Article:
Management of Chemotherapy Tissue Extravasation

  • Kerry VanSloten Harwood
  • Janice Johnstone Strauman


Although the occurrence of inadvertent tissue extravasation during the administration of chemotherapy is relatively infrequent, this problem is important because of the severe tissue necrosis that may develop at the extravasation site. Several issues are of interest in consideration of this clinical problem: (1) Controversy exists as to which administration methods should be used to prevent an extravasation. (2) The diagnosis of an extravasation must be differentiated from that of other local toxicities of chemotherapy that may present with similar symptoms. (3) Surgical interventions have been refined to increase the success rate of the graft or flap applied after surgical debridement. (4) Numerous potential antidotes have been tested in an attempt to prevent subsequent necrosis after an extravasation occurs. Each of these areas is considered after a review of the problem.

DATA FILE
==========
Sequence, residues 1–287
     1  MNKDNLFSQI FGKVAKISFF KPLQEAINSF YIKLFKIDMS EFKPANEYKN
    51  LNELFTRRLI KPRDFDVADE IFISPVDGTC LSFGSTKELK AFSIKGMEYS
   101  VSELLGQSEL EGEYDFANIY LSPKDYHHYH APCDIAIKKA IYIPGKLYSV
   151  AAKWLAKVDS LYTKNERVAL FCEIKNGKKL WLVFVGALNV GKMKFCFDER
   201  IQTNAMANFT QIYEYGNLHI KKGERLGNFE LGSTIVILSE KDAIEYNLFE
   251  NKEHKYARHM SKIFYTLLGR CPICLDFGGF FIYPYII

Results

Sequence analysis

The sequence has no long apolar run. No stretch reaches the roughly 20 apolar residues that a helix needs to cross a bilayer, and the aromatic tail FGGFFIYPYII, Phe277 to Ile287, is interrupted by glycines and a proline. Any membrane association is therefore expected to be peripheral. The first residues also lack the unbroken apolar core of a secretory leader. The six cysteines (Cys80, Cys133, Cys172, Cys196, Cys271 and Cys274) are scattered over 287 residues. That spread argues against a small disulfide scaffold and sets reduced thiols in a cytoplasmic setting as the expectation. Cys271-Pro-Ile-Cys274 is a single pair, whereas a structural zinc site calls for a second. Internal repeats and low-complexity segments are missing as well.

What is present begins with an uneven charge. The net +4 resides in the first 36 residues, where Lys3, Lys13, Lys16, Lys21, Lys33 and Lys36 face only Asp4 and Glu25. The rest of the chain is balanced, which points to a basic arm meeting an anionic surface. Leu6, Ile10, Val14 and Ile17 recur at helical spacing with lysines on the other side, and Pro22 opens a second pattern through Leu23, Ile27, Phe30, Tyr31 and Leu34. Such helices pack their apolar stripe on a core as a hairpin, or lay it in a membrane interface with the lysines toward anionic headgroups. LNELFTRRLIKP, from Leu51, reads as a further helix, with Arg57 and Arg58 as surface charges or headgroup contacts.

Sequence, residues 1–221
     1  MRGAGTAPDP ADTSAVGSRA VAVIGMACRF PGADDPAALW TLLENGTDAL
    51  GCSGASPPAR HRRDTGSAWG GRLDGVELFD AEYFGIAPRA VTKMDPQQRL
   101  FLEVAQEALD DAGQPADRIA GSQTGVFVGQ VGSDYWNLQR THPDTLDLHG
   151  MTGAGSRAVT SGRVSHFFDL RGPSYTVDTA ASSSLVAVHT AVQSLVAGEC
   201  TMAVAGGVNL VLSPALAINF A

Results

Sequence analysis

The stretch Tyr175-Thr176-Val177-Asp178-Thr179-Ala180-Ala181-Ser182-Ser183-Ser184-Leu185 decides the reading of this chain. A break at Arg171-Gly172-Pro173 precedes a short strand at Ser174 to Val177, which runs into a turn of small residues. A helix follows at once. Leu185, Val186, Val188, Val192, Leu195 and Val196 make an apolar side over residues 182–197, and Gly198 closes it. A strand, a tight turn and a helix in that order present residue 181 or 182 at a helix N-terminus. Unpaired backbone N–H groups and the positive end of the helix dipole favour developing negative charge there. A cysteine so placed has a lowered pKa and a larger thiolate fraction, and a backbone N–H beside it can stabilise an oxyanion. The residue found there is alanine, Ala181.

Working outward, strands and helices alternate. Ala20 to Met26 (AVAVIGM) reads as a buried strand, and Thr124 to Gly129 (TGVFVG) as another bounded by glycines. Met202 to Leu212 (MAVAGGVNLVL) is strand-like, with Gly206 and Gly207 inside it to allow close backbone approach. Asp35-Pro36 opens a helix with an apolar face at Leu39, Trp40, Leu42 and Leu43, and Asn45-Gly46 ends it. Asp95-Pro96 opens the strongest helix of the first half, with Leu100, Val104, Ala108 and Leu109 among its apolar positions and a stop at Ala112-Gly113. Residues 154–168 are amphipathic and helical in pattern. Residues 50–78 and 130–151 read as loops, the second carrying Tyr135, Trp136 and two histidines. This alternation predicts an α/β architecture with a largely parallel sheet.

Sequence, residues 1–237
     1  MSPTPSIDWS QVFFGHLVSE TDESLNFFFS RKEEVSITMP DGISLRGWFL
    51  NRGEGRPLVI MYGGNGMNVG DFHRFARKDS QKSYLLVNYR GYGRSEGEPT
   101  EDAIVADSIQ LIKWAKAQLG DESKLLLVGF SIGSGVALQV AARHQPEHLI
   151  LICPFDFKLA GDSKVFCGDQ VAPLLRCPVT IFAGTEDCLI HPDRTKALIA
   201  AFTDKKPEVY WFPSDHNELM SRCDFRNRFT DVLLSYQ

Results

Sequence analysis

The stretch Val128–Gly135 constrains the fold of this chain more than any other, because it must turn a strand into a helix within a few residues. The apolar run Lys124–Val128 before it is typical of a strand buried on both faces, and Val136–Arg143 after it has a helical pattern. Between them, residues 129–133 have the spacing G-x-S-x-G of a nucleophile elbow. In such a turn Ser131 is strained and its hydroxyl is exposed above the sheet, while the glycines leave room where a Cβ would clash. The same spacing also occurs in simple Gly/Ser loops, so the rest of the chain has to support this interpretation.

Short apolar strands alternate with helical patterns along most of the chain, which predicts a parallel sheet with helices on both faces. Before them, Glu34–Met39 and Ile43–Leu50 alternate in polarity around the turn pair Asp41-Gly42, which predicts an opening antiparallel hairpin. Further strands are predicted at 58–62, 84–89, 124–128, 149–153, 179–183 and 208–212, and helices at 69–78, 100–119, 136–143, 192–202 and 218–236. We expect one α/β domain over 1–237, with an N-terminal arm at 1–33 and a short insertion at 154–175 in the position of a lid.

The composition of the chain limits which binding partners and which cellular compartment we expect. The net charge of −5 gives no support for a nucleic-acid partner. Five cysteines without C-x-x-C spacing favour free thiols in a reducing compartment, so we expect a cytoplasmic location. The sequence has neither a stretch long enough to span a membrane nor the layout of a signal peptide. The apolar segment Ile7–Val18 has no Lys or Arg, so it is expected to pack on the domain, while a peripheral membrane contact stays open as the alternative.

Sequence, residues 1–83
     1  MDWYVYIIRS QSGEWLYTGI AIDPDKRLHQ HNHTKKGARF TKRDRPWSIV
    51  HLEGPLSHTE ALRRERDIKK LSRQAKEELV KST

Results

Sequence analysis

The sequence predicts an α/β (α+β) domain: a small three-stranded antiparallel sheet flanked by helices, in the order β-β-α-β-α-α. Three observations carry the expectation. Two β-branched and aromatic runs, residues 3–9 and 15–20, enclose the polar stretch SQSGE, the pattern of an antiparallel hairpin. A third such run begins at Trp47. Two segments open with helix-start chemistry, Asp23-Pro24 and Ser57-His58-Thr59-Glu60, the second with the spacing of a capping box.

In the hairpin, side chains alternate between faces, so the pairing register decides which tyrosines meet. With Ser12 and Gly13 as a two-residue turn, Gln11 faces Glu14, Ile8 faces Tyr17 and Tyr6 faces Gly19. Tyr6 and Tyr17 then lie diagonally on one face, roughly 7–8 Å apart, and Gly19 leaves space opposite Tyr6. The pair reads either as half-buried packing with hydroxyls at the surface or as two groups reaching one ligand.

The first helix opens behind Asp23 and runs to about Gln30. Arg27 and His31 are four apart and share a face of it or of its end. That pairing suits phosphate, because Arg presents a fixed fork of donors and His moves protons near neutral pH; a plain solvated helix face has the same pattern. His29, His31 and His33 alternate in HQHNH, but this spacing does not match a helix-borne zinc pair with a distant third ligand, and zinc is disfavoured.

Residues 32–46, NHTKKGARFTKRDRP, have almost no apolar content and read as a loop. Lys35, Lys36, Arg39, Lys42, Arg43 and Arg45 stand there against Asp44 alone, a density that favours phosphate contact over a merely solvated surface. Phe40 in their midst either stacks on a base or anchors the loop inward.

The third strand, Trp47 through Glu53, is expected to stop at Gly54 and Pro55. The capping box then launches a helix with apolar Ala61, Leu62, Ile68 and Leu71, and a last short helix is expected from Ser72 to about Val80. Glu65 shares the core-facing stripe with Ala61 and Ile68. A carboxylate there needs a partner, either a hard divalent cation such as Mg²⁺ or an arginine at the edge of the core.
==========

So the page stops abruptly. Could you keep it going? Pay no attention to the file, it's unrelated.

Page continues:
Vinca Alkaloid Chemotherapy Administration Local Toxicity Extravasation Site Local Tissue Damage 
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Copyright information

© Springer Science+Business Media New York 1987

Authors and Affiliations

  • Kerry VanSloten Harwood
    • 1
  • Janice Johnstone Strauman
    • 2
    • 3
  1. 1.Johns Hopkins Oncology CenterBaltimoreUSA
  2. 2.Department of OncologyAlbert Einstein Cancer Center/Montefiore Medical CenterBronxUSA
  3. 3.Columbia University School of NursingNew YorkUSA

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